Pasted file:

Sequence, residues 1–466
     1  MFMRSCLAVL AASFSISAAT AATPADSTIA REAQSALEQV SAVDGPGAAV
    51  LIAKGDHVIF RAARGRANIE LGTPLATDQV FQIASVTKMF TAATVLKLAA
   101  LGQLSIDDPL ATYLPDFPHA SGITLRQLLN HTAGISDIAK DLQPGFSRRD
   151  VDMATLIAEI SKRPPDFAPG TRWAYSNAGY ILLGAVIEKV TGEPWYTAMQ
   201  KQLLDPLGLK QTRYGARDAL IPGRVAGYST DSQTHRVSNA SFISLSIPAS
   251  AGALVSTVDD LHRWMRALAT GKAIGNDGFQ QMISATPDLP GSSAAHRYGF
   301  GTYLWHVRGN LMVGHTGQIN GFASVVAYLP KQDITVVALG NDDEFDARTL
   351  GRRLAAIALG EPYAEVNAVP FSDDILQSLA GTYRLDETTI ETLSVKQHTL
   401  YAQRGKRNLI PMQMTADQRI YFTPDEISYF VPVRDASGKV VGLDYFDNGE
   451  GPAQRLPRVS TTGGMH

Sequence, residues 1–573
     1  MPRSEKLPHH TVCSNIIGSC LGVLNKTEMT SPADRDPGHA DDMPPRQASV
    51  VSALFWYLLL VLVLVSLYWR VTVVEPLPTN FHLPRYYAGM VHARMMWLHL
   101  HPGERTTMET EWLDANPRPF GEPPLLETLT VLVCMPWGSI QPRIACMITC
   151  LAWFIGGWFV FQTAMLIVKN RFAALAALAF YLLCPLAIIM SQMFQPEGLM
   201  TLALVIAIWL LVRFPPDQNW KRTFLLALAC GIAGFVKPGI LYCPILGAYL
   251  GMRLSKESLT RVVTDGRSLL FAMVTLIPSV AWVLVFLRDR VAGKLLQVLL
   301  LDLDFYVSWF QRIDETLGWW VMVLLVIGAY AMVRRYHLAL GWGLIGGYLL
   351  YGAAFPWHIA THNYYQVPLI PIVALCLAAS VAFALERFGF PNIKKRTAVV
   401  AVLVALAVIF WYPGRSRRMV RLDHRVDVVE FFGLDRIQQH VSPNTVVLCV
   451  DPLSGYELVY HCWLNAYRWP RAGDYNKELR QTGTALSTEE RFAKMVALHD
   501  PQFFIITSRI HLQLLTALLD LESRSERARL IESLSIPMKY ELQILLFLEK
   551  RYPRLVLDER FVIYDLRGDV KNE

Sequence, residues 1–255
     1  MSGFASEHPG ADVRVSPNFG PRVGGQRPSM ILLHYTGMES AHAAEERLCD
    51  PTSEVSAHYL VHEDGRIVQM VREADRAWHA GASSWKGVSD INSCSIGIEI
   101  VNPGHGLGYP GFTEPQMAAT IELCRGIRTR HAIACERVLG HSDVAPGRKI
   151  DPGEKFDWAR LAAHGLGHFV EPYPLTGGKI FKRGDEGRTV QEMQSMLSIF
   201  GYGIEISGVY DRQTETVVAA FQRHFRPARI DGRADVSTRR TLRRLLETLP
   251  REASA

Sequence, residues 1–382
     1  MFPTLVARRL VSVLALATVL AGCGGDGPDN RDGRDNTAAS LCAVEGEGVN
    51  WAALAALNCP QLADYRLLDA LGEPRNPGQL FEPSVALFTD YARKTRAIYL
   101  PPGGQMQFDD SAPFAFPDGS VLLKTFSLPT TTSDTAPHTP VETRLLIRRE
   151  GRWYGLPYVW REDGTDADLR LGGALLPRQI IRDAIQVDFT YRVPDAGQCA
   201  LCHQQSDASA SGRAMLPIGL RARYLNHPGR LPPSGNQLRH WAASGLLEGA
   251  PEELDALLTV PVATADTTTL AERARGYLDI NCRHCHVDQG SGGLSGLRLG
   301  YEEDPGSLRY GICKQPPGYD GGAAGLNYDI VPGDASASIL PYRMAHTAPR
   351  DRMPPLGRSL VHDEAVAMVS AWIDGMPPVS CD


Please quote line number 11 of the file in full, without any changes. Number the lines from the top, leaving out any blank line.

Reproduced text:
   451  GPAQRLPRVS TTGGMH